Anyone may file a request for the cancellation of a utility model with the DPMA. There is no requirement for a particular legal interest. Reasons for cancellation of a utility model are similar to the reasons for revocation of a patent. The most relevant grounds for cancellation are:
A cancellation action before the DPMA is decided by a panel of one lawyer and two patent examiners from the relevant technical field. The decision of the DPMA may be challenged by an appeal to the Federal Patent Court.
Unlike patent infringement litigation, infringement litigation allows the non-protectability of a utility model to be asserted as a defence. The infringement court has to examine the validity of the utility model even if a parallel cancellation request has been filed. The decision on the validity of the utility model in infringement litigation only has effect on the parties in the relevant proceedings.
The enforcement of IP rights follows the general procedural laws of the German Civil Procedural Code. There are special competencies of some civil courts for certain intellectual property matters, but the proceedings themselves are covered by general procedural rules.
The typical timeline of civil proceedings is as follows.
Thus, there may be several oral hearings during a civil case, in particular depending on the chosen venue. Munich typically schedules two hearings in first instance, Mannheim and Dusseldorf only one.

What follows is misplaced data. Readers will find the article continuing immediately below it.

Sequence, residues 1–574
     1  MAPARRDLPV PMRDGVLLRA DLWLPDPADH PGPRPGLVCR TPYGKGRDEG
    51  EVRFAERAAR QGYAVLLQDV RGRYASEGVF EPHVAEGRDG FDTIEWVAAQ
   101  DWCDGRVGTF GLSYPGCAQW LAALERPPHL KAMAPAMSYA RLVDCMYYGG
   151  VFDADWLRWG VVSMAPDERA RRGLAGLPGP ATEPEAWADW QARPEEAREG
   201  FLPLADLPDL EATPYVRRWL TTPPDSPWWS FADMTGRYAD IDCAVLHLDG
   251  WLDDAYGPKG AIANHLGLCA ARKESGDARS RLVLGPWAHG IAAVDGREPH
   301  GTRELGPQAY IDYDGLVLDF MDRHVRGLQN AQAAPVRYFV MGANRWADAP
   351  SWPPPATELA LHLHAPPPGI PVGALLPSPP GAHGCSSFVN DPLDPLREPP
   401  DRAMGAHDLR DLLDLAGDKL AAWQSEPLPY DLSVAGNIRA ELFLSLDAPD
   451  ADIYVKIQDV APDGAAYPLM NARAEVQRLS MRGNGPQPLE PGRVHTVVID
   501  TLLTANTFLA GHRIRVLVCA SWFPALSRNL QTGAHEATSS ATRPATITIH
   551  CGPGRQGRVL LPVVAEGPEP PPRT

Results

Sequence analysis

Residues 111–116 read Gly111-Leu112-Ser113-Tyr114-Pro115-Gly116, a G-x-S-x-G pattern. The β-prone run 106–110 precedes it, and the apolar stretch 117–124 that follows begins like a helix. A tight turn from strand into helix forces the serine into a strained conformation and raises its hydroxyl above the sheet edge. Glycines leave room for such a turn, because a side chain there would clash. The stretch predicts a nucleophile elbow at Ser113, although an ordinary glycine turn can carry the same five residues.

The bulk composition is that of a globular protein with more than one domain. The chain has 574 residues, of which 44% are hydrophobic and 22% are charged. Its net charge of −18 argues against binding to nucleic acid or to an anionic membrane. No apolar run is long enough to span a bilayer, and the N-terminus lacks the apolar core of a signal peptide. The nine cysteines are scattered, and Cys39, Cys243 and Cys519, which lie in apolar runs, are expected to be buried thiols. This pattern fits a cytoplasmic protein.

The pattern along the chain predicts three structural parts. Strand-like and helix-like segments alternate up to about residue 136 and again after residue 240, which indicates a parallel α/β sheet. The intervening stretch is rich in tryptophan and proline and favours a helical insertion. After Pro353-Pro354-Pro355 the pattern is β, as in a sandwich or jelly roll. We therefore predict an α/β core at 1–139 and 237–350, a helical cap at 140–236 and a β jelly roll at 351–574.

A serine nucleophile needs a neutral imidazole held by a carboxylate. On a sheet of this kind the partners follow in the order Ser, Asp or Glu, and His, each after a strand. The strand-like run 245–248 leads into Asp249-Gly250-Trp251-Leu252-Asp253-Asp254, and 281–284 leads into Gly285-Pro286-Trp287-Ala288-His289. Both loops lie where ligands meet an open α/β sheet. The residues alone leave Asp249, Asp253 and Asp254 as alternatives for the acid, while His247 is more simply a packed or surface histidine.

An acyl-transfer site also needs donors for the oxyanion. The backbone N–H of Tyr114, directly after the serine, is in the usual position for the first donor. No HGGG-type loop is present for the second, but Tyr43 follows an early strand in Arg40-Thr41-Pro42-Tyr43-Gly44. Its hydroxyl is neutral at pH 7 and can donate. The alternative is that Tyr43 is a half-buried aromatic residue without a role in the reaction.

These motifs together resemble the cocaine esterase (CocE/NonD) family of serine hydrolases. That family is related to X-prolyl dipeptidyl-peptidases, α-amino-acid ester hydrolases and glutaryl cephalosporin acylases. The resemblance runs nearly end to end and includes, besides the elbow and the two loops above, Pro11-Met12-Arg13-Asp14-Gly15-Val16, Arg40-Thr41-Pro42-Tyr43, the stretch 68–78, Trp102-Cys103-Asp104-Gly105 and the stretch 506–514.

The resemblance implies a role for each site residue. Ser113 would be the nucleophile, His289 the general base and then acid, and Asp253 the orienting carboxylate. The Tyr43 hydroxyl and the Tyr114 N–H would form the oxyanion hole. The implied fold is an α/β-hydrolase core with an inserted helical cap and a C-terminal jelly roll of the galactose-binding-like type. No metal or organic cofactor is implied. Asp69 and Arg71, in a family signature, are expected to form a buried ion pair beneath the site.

Fact witnesses and experts can be heard. This takes place in the course of the oral proceedings in the main hearing. This usually requires an additional hearing date.
The presiding judge may permit the parties, and shall permit their attorneys upon request, to address questions directly to the witness.
In the first round of proceedings the remedies of injunction and rendering of account for past infringement are decided.
In a second round, based on the information received in the rendering of accounts, the damages are set.
The trial panels in infringement proceedings at first instance consist of three judges with a legal background. However, because patent cases are heard by specialised chambers, at least in the most popular German infringement courts, the judges are highly experienced in patent matters and technical issues.
The trial panels of the Federal Patent Court, with regard to German invalidation actions, consist of five judges, two of whom have a legal background and three judges who have a technical education and expertise (often as patent examiners) in the relevant technical field.
The appeal panel in infringement proceedings consists of three judges with a legal background. At the Federal Court of Justice, competent for appeals from the Federal Patent Court and revisions from the infringement appeal courts, the panel consists of five judges with a legal background. The parties do not have influence over the choice of judges for the respective courts.